Tuesday afternoon, Hurricane Idalia's outer bands hit Marco Island, Florida hard. The rain is so heavy the backyard of this home is barely visible.
Even hundreds of miles offshore, powerful Hurricane Idalia clobbered Florida. Floridians and journalists caught some of the wild weather as the powerful storm closed in.
Heavy rains drowned Marco Island, Florida. In the video above, you can barely see the backyard from the house.
Nearby Fort Myers Beach saw high tide flooding ahead of the storm Tuesday afternoon. The island hit so hard by Hurricane Ian last year is partially underwater again.
FLORIDA HURRICANE THREAT LIVE TRACKER: FUTURE PATH, WATCHES AND WARNINGS, SPAGHETTI MODELS AND MORE
Tides already unusually high with Wednesday's full moon flooded Fort Myers Beach, Florida ahead of Idalia. Up to 90% of the barrier island was decimated by Hurricane Ian last year.
Along with rain and flooding, thunderstorms took their toll on Southwest Florida. Straight-line winds tore debris off a roof in Fort Myers Beach and sent the panels flying. At the same time, the NWS issued a Tornado Warning for the county to the south.
Debris flies off a roof ahead of Hurricane Idalia in Fort Myers, Florida, US, on Tuesday, Aug. 29, 2023. Hurricane Idalia is building strength in the Gulf of Mexico as it heads toward landfall Wednesday on Florida's west coast, where it threatens to unleash floods and trigger blackouts. Photographer: Eva Marie Uzcategui/Bloomberg via Getty Images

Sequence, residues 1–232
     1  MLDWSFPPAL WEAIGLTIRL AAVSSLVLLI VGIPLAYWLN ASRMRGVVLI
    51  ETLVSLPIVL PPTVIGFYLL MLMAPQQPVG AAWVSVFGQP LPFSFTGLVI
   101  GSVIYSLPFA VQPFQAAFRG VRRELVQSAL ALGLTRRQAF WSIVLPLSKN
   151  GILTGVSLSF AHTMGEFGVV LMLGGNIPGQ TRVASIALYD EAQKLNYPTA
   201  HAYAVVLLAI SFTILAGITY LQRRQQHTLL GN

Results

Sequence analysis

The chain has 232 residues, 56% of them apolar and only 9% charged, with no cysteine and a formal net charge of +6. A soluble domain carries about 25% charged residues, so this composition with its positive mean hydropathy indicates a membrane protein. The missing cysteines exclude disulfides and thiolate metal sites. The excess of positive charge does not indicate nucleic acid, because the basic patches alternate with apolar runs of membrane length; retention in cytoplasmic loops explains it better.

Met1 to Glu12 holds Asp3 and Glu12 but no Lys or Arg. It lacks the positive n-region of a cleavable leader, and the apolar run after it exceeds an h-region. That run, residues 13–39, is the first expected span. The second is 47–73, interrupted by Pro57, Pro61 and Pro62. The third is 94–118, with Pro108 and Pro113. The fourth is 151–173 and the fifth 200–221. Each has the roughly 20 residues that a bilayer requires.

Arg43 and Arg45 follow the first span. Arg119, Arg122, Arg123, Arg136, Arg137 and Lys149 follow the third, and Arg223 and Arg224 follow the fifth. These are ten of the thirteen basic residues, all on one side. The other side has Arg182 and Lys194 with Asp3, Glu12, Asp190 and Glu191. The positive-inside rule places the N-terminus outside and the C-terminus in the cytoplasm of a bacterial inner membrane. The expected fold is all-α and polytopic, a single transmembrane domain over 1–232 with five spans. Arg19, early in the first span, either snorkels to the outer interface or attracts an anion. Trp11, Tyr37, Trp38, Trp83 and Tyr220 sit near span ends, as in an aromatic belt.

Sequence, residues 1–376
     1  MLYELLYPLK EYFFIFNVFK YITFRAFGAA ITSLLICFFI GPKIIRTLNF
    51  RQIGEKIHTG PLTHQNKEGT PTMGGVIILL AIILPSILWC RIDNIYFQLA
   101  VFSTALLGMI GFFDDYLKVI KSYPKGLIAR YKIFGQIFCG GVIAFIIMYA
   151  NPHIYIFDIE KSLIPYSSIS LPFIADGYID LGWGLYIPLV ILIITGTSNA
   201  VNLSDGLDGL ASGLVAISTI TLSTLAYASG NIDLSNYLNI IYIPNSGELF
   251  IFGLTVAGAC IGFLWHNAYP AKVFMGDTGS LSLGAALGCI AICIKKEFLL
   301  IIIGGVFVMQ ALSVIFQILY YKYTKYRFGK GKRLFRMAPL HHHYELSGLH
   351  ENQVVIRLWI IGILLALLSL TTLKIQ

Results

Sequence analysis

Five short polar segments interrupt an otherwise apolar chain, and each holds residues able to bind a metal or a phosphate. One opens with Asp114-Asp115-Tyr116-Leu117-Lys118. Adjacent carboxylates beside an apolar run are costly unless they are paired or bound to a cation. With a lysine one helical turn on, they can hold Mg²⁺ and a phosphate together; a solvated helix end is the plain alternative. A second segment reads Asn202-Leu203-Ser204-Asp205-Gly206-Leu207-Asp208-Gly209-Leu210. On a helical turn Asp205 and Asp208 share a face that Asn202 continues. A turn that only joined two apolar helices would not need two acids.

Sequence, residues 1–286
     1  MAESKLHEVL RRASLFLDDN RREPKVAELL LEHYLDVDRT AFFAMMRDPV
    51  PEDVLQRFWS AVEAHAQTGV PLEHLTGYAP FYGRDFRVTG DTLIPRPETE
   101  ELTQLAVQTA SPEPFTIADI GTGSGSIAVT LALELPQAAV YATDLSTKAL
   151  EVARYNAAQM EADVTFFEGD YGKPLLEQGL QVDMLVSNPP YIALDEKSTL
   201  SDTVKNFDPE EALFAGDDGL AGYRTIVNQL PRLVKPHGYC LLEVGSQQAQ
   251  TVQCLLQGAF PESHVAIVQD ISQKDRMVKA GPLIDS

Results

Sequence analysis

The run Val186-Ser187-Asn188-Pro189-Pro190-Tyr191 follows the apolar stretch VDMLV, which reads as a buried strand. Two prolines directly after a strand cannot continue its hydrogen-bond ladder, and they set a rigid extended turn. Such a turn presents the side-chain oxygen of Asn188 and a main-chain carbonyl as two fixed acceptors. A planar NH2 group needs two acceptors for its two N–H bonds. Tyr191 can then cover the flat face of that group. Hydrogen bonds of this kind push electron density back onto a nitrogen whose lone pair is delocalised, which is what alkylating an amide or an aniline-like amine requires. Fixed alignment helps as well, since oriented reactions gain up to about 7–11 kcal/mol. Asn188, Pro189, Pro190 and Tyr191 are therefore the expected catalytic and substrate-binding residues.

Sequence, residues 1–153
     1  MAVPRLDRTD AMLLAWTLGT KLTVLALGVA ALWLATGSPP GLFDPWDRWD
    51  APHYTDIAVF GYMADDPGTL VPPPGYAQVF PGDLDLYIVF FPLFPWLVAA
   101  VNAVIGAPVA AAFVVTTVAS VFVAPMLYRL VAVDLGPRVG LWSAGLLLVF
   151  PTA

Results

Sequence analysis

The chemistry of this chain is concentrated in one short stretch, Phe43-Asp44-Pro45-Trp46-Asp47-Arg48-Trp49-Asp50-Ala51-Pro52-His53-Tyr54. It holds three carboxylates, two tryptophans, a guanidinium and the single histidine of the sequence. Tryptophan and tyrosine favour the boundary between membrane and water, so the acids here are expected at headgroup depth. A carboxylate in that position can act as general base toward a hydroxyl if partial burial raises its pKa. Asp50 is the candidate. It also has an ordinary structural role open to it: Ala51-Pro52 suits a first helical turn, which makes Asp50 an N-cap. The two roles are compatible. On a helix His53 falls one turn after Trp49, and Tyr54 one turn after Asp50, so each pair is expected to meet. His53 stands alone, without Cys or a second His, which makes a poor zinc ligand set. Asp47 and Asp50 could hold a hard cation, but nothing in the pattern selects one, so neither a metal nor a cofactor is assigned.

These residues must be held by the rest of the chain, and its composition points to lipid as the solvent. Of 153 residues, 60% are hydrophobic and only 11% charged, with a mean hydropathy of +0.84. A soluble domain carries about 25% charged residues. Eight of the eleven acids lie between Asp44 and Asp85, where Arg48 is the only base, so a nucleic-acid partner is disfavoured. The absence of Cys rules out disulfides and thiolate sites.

(Eva Marie Uzcategui/Bloomberg / Getty Images)
Further north, more flooding put roads and parking lots underwater in Charlotte County.
In this video, vehicles can be seen driving through roads that have begun to flood in southwest Florida's Charlotte County. August 29, 2023. (Courtesy: Charlotte County Emergency Management and Charlotte County, Florida Government / Facebook)
Buoys in the Gulf of Mexico near Idalia have measured 31-foot waves late Tuesday. And with still 100 miles to go, storm surge started streaming into Clearwater Beach.
Meteorologist Bob Van Dillen started the afternoon reporting from the sand. By early Wednesday morning, water covered the beach and started flooding roads and sidewalks. This is the start of the forecast of 4 to 6 feet of storm surge. He said the water came up 300 yards.
Meteorologist Bob Van Dillen started out Tuesday afternoon reporting from the sand. Now early Wednesday morning the 4 to 6 feet of expected storm surge has buried the beach and started flooding sidewalks and streets.
FOX Weather reporters had to evacuate Madeira Beach Tuesday night. It is easy to see why from the video that the Pinellas County Sheriff's Office shared of fast-moving water headed inland.
WHY IS STORM SURGE SO DANGEROUS?
Areas in the Big Bend area are expected to see up to 16 feet of storm surge.